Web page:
Roger Olson doesn't like the idea that God ordained the fall. He claims this makes God the "author of evil." I'll go into further detail on this in my review of his book Arminian Theology: Myths and Realities. For now I'll focus on his answer. One of Olson's rejoinders to Calvinist answers is that our idea of God is one "whose goodness bears no real analogy to the best of human goodness" (111) and his justice "cannot be so foreign to the very best [human] understandings of justice ... that it is emptied of meaning" (120). This is a problem because, apparently, the most moral human would never "ordain," say, the holocaust. Or an axe murder. Or a rape. You get the point.
According to Olsen, God doesn't ordain sins, but "every human act, including sin, is impossible without God's cooperation" (121). God is not a "spectator" (121). "God ... cooperates with the creature in sinning" (122). Of course God can cooperate in a sin "without being tainted" (122). Apparently he can do this but can't ordain sin "without being tainted." More on this in my review. God cooperates but he does so "reluctantly" (123). He even does so "unwillingly" (123). He has the power to stop sin, but permits it anyway. He gives all sinners the power to commit sins that they would be unable to without his giving them the power. He does so because free will is so important to him that it's worth cooperating with the sinner so he can commit the sin (see 121-124).
Okay, let's now hold Olson to the standard he holds the Calvinist to. Would a "highly moral" human "permit," say, the the holocaust, or an axe murder, or a rape - you get the point, if he had the power to stop it? What would a "highly moral" human say about someone who did permit one of those things to happen when he could have stopped it? Would a "highly moral" human cooperate with a criminal to commit a criminal act? Apparently it is justified because libertarian free will is such a high good that the ends justify the means. For me, I don't share this intuition, indeed, it seems downright false. But let's not focus on that. Let's extend our thought experiment.
Say a "highly moral" human, Sally, invents a pill that can make the lame walk. Now, imagine a quadriplegic man. Call him Harry. When Harry meets Sally he lets her know that he would very much like the power to walk. Harry isn't the sharpest tool in the shed and so he lets Sally know that his desire is to kill his neighbor's 10 year old - that snot nosed, annoying punk who always called Harry the most awful names and said, "Nee ner nee ner, you can't get me." He wants to torture him for a while, cut off his legs, taunt him to "come and try and get him," and then pour gasoline on him and burn him alive. Would Sally, our "highly moral" human, give Harry the power to kill the 10 year old so that Harry could exercise his free will to the fullest? How about if there was a good that would come out of it? Say that Harry would come up with the cure for cancer while sitting in jail (purely by accident, of course, since he's not so sharp)?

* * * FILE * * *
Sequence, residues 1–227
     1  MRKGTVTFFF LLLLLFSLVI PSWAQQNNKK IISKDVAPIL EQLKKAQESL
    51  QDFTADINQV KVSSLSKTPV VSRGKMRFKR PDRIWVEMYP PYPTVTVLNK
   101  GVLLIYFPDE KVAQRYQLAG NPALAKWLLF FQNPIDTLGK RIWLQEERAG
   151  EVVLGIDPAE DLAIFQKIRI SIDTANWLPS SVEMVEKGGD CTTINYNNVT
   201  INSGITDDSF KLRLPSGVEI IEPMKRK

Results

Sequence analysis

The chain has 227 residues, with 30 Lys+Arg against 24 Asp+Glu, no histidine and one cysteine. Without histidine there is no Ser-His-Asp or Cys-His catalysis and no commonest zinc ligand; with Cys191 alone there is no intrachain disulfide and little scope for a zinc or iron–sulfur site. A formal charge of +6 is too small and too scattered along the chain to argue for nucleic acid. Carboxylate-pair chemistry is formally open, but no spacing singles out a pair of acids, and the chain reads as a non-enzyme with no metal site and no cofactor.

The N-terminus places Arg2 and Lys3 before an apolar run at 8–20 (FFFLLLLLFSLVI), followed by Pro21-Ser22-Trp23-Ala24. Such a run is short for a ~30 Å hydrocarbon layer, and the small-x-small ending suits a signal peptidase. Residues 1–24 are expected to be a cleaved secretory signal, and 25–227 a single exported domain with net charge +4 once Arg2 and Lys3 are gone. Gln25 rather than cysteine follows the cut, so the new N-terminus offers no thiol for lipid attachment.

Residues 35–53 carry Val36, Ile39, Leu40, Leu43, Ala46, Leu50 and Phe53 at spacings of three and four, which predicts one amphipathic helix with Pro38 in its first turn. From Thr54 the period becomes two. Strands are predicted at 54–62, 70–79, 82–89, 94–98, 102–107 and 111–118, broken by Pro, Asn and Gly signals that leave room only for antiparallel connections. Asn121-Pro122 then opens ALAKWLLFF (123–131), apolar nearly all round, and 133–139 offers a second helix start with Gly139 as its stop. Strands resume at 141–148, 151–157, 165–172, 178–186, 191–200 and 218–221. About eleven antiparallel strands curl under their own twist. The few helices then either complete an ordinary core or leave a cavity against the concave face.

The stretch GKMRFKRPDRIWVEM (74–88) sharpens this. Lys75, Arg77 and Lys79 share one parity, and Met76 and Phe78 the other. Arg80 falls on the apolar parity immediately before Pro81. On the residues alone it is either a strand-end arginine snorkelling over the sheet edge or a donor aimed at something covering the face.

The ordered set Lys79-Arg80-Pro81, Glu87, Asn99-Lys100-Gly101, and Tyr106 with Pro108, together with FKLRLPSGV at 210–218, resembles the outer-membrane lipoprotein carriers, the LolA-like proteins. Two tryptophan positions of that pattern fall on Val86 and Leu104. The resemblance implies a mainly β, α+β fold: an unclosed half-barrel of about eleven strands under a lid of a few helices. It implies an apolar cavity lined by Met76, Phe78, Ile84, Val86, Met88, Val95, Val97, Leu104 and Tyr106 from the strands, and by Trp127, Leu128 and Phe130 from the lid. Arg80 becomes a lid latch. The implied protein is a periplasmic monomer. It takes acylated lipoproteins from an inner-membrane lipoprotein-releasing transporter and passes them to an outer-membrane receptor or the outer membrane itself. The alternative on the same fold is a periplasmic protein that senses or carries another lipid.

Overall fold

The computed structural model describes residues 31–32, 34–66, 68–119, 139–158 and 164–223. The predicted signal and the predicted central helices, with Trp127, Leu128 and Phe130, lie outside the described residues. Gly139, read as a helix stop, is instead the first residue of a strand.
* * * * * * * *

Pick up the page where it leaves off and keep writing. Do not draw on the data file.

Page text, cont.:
If the answer is no, then Olson denies the very rules he makes us play by. If the answer is yes, then the "goodness" of a "highly moral" human is stretched such that Olson's argument ceases to be a relevant rebuttal to the Calvinist theodicies. Therefore, either Olson plays with a stacked deck, or his argument has no force against the Calvinist.
None of this is to deny the greater good theodicy. It simply defeats the defeater that the Arminian uses to defeat the Calvinist's answer. It simply shows that we can't claim God is immoral for doing p just because a lot of humans think p is evil.1 The problem here is the different agents. Humans are finite and we can appropriately judge most of their actions and reasons. God is infinite and so his his plan. The rebuttal here is one offered by many Arminian philosophers. It's called the skeptical theist response. The Arminian just isn't going to win the problem of evil argument against the Calvinist. I suggest they give it up. This entails that I am suggesting they give up their number one argument against Calvinism. What's more important? Intellectual integrity or defeating the Calvinists by self-excepting yourself from the very critique you give them? The latter isn't intellectually virtuous. Does Arminianism require its adherents to hold to intellectual vices? Or is this another "myth?" We'll wait and see.
1 To be clear, I deny virtually all of the intuition based Arminian moral arguments, what they lay at God's feet doesn't strike me as immoral, I'm granting some stuff for arguments sake. I'm answering Olson &c. on their own terms.